• Since the markets/private yards will not be charged any market fee/levy and the agricultural sector will see the gradual shifting of trade from the APMC mandis to these private yards.
  • Agriculture is a state subject: The Union Government has by-passed the federal structure by legislating on subjects that exclusively fall within the domain of the state government under the state list of the Seventh Schedule of the Constitution.

Way Forward

  • Choosing a middle ground: The government is not going to repeal all the three laws while the farmers are adamant about their protest for repealing the laws. The need here is to adopt a middle path.
    • There must be some negotiations between the two, while the government is accepting the genuine demands, the farmers should also agree to some of the former’s terms.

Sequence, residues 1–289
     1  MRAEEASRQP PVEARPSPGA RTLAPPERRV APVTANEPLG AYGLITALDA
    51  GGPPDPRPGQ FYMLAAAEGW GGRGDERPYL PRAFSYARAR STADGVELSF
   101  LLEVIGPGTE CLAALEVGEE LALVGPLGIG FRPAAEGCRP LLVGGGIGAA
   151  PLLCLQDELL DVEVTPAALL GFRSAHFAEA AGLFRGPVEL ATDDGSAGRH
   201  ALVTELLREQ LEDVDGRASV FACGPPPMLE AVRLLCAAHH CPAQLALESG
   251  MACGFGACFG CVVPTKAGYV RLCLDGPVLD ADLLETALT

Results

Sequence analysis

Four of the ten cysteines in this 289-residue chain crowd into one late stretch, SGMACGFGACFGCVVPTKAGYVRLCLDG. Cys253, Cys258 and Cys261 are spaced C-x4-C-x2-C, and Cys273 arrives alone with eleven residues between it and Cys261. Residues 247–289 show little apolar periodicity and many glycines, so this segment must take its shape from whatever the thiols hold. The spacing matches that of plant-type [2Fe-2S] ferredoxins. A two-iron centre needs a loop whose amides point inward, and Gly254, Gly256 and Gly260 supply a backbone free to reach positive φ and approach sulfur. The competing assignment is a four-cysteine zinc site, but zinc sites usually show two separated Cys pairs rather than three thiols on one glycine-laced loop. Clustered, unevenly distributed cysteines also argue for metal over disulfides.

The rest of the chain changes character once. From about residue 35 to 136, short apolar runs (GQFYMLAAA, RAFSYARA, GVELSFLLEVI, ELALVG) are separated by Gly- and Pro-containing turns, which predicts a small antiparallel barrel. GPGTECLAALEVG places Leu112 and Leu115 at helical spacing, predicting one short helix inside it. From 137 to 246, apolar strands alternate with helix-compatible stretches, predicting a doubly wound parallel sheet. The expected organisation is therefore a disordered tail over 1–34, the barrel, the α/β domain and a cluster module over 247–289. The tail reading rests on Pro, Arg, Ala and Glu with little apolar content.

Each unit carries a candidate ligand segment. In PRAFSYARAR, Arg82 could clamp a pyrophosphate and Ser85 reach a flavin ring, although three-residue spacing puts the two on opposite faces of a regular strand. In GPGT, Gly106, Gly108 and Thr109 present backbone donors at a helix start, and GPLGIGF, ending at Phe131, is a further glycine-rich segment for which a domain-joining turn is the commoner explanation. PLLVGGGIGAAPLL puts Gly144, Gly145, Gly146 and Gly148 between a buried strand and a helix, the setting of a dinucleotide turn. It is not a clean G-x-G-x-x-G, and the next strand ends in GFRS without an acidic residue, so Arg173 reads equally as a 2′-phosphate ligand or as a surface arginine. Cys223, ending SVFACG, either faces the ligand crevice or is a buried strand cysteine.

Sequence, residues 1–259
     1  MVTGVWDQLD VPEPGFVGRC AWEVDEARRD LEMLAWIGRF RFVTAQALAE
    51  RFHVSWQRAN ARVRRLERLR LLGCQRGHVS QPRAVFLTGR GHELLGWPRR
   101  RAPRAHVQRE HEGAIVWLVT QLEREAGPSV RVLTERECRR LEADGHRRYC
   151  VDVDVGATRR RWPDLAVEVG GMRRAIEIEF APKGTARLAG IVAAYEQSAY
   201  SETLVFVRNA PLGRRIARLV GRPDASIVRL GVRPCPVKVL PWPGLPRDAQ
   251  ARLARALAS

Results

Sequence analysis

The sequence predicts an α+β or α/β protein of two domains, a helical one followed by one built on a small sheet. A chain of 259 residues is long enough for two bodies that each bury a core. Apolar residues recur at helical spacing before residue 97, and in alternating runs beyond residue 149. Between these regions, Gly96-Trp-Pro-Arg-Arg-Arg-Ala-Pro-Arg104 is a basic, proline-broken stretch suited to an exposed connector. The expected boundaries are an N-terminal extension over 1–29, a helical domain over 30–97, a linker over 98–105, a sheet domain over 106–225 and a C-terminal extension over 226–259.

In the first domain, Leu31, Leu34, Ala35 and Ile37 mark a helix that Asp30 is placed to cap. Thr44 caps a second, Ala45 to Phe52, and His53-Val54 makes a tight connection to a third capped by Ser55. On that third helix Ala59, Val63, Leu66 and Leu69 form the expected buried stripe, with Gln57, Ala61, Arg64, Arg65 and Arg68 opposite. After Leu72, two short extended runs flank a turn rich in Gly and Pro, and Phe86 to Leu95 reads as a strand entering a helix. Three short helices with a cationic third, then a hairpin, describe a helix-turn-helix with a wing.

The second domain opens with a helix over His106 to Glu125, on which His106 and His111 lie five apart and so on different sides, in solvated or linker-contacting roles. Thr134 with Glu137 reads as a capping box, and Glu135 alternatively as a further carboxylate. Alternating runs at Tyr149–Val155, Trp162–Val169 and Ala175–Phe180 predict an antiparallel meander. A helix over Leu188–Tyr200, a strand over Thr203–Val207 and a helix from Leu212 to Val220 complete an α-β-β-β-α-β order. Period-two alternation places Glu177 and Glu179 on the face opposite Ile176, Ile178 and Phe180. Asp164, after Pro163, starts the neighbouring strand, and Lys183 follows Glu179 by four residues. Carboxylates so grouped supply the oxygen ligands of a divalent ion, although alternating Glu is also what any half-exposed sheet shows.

• Complete information about the rights: What farmers need is complete information of their rights and duties and connectivity which needs to be provided by central as well as state governments.
  • Landless labourers: The landless labourers are often left out of welfare policies, while they are the majority of rural areas. More policies should be more focussed upon the landless labourers.
  • People’s suggestion: It is important to take the suggestions of all the stakeholders before passing a new bill especially in the world’s largest democratic country.

Conclusion

The farmers are an integral part in the formation of the country, their interests must be preserved and their issues must be looked and worked upon. In this case, adopting a middle path is the best and wisest way forward.